Butler, James R. A. Spey Fishery Board, United Kingdom.
Show previous versions
- Impacts on wild salmonids
- Impacts on the aquatic environment
- Addressing impacts on wild salmonids
- Addressing impacts on the aquatic environment
- Links to Primary Literature
- Additional Readings
The cultivation and harvesting (aquaculture) of salmon species. The natural range of the Atlantic salmon (Salmo salar, order Salmoniformes; Fig. 1) stretches from Portugal and the northern coast of New England in the United States northward to subarctic Norway, Russia, and Canada. Salmon are anadromous, whereby they breed in freshwater and migrate to sea to feed. Within their range, adult salmon spawn in cool and well-oxygenated streams. Juveniles spend 1–5 years in freshwater before transforming into silvered smolts (Fig. 2). At this stage, they migrate to sea, following ocean currents to feeding grounds in the Atlantic. Once in the sea, salmon grow rapidly, feeding on small fish and crustaceans. After 1–3 more years, the fish reach sexual maturity and migrate with great accuracy to their natal rivers, often spawning in the same tributary where they were born. As a result, salmon stocks have evolved into genetically distinct local populations. See also: Aquaculture; Marine ecology; Migratory behavior; Salmon; Salmoniformes
The content above is only an excerpt.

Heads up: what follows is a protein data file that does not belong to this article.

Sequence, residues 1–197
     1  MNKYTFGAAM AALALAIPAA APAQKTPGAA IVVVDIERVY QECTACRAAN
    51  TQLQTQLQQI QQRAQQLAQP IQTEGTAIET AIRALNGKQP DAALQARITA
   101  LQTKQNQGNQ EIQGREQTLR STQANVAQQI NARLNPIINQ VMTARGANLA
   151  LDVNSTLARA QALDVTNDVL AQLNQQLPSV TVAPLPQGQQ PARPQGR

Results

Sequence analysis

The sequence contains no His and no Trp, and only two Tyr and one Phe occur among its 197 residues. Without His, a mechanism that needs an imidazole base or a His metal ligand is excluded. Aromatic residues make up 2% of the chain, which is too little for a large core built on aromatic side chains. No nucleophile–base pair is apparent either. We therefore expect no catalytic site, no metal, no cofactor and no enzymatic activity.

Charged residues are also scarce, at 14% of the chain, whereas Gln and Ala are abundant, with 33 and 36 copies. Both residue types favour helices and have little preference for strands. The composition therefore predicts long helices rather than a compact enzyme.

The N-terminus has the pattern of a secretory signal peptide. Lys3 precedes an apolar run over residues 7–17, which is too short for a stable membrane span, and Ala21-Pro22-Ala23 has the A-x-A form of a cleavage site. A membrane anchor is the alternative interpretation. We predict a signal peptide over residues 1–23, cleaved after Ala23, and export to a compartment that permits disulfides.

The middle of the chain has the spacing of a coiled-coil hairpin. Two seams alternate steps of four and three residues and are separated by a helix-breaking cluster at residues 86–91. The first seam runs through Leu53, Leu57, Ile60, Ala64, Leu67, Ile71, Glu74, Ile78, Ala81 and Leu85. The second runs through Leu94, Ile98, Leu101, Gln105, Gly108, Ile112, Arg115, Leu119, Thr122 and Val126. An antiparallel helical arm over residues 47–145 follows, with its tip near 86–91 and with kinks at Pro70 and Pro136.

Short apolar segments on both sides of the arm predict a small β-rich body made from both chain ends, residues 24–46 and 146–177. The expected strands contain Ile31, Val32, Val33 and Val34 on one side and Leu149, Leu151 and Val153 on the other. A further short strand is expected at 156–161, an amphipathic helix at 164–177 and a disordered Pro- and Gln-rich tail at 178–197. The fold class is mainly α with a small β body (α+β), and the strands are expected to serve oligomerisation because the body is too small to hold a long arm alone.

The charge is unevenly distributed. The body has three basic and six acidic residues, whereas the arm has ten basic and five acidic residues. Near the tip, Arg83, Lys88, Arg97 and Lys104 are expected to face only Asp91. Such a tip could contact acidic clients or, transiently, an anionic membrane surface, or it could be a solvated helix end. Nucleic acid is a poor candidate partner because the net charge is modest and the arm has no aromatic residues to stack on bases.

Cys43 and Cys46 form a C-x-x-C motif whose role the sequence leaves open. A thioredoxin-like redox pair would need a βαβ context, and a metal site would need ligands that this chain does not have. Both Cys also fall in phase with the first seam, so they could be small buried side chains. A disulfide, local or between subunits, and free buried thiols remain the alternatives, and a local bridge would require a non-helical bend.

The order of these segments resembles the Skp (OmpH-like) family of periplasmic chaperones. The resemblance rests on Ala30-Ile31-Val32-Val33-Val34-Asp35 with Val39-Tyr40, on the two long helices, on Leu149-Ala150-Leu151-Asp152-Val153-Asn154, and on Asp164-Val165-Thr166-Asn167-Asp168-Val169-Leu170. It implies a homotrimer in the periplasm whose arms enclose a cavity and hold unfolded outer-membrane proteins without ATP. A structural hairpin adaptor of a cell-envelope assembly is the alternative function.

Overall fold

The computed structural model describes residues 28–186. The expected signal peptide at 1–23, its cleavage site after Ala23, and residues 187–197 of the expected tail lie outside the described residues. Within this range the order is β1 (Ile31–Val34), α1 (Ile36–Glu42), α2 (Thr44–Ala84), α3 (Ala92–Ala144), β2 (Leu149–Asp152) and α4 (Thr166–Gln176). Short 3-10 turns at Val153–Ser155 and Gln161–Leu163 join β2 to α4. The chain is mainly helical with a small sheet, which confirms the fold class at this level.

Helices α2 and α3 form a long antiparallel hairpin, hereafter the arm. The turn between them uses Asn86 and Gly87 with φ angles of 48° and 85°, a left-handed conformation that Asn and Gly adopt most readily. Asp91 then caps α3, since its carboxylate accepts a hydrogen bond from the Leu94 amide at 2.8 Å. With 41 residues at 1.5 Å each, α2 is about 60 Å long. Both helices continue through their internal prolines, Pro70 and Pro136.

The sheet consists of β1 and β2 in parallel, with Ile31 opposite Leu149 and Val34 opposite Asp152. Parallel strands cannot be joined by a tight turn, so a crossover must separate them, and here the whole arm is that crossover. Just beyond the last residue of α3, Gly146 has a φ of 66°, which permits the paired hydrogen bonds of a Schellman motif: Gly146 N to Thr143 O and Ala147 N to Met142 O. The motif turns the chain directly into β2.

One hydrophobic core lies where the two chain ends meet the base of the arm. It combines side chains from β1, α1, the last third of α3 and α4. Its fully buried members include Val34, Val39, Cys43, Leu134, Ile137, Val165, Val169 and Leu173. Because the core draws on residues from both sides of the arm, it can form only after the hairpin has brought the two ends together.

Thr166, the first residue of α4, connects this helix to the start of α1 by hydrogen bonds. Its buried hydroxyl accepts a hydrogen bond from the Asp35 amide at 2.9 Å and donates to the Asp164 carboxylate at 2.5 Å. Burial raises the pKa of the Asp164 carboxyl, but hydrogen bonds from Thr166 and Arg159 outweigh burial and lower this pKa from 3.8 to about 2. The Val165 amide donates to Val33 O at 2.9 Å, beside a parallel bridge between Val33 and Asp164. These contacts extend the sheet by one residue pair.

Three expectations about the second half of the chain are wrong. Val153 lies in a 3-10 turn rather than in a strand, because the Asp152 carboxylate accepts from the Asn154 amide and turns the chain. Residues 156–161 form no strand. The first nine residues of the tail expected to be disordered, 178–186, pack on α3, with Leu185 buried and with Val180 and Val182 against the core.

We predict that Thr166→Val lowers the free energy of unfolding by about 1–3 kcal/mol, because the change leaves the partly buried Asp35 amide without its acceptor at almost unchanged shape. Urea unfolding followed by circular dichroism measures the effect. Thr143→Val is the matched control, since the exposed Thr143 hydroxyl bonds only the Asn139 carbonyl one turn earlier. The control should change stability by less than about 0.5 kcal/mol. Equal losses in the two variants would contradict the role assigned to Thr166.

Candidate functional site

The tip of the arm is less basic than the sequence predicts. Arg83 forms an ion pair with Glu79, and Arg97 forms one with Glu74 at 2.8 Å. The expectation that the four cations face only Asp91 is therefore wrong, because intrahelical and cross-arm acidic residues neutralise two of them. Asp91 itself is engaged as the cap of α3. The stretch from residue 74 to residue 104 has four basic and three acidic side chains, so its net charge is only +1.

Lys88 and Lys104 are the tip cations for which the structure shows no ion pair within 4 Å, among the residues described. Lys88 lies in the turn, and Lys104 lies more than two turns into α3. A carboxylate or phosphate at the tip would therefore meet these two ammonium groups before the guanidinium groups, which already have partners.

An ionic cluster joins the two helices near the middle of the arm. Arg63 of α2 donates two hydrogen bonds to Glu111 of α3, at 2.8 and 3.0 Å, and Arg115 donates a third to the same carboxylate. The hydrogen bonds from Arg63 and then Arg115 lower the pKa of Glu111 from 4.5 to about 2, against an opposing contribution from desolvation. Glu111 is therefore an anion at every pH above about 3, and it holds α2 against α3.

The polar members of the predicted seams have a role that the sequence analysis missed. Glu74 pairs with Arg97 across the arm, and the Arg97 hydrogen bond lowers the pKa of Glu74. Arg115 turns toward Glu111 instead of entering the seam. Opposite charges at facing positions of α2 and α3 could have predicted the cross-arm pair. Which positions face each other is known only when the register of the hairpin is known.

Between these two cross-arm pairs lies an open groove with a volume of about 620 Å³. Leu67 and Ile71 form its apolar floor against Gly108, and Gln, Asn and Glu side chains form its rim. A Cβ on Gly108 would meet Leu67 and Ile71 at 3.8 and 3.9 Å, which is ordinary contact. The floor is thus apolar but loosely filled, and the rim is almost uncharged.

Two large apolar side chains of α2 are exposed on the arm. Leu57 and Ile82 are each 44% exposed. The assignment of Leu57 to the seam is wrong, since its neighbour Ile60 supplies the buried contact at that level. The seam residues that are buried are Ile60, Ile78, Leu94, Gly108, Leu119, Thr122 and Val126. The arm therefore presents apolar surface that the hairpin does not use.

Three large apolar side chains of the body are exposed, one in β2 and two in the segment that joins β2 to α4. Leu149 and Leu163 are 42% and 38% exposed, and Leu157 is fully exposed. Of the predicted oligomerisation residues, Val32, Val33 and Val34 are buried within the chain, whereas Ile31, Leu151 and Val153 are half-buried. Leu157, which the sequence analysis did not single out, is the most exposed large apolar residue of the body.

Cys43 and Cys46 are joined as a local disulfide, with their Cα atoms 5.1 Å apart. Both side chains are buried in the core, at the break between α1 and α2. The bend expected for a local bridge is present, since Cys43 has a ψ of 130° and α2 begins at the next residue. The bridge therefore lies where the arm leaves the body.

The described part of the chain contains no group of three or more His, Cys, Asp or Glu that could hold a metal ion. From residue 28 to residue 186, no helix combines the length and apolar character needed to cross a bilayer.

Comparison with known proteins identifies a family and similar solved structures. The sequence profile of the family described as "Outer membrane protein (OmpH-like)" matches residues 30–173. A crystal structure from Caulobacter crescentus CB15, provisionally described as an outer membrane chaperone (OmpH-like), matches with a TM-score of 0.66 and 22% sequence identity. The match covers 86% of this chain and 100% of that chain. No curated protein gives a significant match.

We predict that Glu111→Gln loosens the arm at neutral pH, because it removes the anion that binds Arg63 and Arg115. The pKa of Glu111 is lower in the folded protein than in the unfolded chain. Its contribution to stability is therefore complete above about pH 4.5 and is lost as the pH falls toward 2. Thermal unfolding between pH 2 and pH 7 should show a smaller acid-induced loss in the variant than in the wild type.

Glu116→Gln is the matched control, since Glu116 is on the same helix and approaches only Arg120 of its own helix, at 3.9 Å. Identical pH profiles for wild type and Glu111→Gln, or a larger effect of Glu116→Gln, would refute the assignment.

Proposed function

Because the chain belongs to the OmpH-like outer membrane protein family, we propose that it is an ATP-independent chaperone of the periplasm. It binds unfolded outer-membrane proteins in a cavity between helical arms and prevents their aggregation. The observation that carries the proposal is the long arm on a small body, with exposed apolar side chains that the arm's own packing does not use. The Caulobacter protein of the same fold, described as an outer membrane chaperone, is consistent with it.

for your institution. Subscribe
To learn more about subscribing to AccessScience, or to request a no-risk trial of this award-winning scientific reference for your institution, fill in your information and a member of our Sales Team will contact you as soon as possible.
to your librarian. Recommend
Let your librarian know about the award-winning gateway to the most trustworthy and accurate scientific information.
AccessScience provides the most accurate and trustworthy scientific information available.
Recognized as an award-winning gateway to scientific knowledge, AccessScience is an amazing online resource that contains high-quality reference material written specifically for students. Its dedicated editorial team is led by Sagan Award winner John Rennie. Contributors include more than 9000 highly qualified scientists and 39 Nobel Prize winners.
MORE THAN 8500 articles and Research Reviews covering all major scientific disciplines and encompassing the McGraw-Hill Encyclopedia of Science & Technology and McGraw-Hill Yearbook of Science & Technology
115,000-PLUS definitions from the McGraw-Hill Dictionary of Scientific and Technical Terms
3000 biographies of notable scientific figures
MORE THAN 17,000 downloadable images and animations illustrating key topics
ENGAGING VIDEOS highlighting the life and work of award-winning scientists
SUGGESTIONS FOR FURTHER STUDY and additional readings to guide students to deeper understanding and research
LINKS TO CITABLE LITERATURE help students expand their knowledge using primary sources of information